And all the verses in the Qur’an which refer to‘hanif’ and ‘hanifa’ have nothing to do with the Hanafi school of thought!

There is no evidence which dictates that it is an obligation to follow a school, but nevertheless it is a recommendation for beginners who are lost. You can’t tell them to deduce their own rulings from Qur’an and Sunnah. They can barely recite the Qur’an, so we say join whatever is local and available – whichever it might be.

We used to have a Shafi friend and the majority of us were Hanafi and we would keep inviting him, but wouldn’t join in, in case it conflicted with his school, but he knew very little of his own school and consequently became more ignorant.

Follow authentic knowledge and when you are more knowledgeable you can explore and learn about other schools.

Later on with the right qualities, and qualifications you can become a part-mujtahid.

However, you can’t just jump into PhD when you don’t know the alphabet.

Therefore it is recommended to stick to one school in the beginning.

Are we allowed to mix between two schools?

can i mix between schools of thought?

This is called talfeeq in Arabic. It is like sewing two things together. So can we patch them together? There are different opinions whether this is allowed. Some say it is permissible with limits and conditions. Others say it is not permissible because it can take you outside both schools.

For example, if you have an injury and blood comes out it, it breaks your wudu, unless you are Shafi, and then it does not break your wudu. So you adopt this opinion and then kiss your wife. In the Shafi school, touching your wife breaks your wudu. So if you have taken the Shafi opinion and the Hanafi opinion collectively on the same issue, you have ended contradicting yourself. You have no wudu according to both schools.

At different times you can follow the different schools, but not simultaneously on the same matter. It goes against common sense.

Thus we have scholars who say it is contradictory, and those who say it is permissible but do not make it a norm. In circumstances where you have difficulty, and you might lose your salah because you cannot make wudu, then use this accordingly, but not habitually. As the Prophet (peace be on him) always wanted to make life easy for people. Do not use the culture of ease to adopt a practice that is not optimal.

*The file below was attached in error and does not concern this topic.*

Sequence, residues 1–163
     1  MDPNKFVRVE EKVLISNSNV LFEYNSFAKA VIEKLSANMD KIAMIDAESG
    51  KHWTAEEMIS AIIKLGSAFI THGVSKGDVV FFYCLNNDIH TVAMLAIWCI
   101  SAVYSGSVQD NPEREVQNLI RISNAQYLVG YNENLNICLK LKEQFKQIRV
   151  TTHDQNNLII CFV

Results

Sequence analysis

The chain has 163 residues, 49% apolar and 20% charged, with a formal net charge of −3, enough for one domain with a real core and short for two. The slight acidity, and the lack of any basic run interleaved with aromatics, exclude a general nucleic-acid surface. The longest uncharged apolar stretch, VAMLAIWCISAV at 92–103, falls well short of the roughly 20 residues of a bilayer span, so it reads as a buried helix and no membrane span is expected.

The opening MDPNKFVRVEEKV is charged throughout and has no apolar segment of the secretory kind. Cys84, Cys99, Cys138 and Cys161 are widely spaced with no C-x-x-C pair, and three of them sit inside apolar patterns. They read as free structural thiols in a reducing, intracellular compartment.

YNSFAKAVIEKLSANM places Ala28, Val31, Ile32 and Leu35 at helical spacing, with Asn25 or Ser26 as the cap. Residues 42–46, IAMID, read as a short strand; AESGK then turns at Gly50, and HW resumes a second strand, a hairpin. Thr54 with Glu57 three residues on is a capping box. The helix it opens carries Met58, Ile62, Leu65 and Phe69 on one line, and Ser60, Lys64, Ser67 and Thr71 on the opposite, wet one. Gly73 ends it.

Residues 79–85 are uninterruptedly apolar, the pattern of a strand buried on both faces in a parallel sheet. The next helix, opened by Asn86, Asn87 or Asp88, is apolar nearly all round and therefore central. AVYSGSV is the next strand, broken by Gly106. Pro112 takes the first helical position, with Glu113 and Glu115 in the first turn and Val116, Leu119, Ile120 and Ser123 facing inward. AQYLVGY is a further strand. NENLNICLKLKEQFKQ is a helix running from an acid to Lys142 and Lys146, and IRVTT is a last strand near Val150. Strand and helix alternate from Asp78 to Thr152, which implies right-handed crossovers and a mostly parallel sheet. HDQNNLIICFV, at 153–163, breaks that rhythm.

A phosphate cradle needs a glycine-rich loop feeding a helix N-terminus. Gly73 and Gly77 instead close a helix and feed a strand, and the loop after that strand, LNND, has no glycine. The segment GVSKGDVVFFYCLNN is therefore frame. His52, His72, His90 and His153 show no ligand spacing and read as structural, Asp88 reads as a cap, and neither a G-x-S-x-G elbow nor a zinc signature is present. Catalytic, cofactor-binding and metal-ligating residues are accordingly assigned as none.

Combining Salah

For example, combining between prayers. In the Hanafi school you don’t combine salah, with the exception of hajj, behind the imam of hajj. Otherwise the salah in the Hanafi school would not be valid. In other schools, you can combine prayers if you are travelling or ill. So they have conditions for combining. In this day and age it is difficult to pray on time, so if the you will miss your salah unless you combine, we have an authentic narration that the Prophet (peace be on him) combined salah when he was not travelling. But was this the normal Sunnah or an exceptional Sunnah? It was exceptional. So do not make it a norm. You are allowed, but you break the blessings of the sequence of salah. If Allah Almighty had wanted to make salah three times a day, He would have made it three times a day. There is a significance in the fact that Allah Almighty commanded five prayers a day.

Wiping over socks

Some brothers wear leather socks 365 days a year. They say they are doing this because it is the Sunnah. The Sunnah is to wash your feet. The Prophet (peace be on him) only wiped over leather socks when it was very cold in winter. The rest of year he would wash his feet. So do not misapply the Sunnah.  The application and understanding go together.

We ask Allah Almighty to teach us and enable us to understand and apply the Sunnah correctly.

rukhsa and azeemah

We have the concept of rukhsah (removal of difficulty) in shariah, which is the permission to do exceptional acts at certain times. And we have azeemah which is the general rule. We need to stick the azeemah rather than the rukhsah and use the rukhsah when it is necessary. In some narrations the Prophet (peace be on him) said do not reject the rukhsah to make things difficult for you.

Fiqh Councils

We have the following Fiqh Councils around the world: fiqh councils in the world


Course delivered by Shaykh Haytham Tamim on 2nd February 2019 at the Muslim World League.



Related Posts

Why Scholars Differ – Definitions of Shariah and Fiqh

The Origins of the Four Schools of Thought

The Differences between the Four Schools of Thought

Defending the Sunnah

Why We Cannot Deny the Sunnah

Renewing the Deen – Recognising False Claims

The Four Schools of Fiqh


Shaykh Haytham Tamim is the founder and main teacher of the Utrujj Foundation. He has provided a leading vision for Islamic learning in the UK, which has influenced the way Islamic knowledge is disseminated. He has orchestrated the design and delivery of over 200 unique courses since Utrujj started in 2001. His extensive expertise spans over 30 years across the main Islamic jurisprudence schools of thought. He has studied with some of the foremost scholars in their expertise; he holds some of the highest Ijazahs (certificates) in Quran, Hadith (the Prophetic traditions) and Fiqh (Islamic rulings). His own gift for teaching was evident when he gave his first sermon to a large audience at the age of 17 and went on to serve as a senior lecturer of Islamic transactions and comparative jurisprudence at the Islamic University of Beirut (Shariah College). He has continued to teach; travelling around the UK, Europe and wider afield, and won the 2015 BISCA award (British Imams & Scholars Contributions & Achievements Awards) for Outstanding Contribution to Education and Teaching.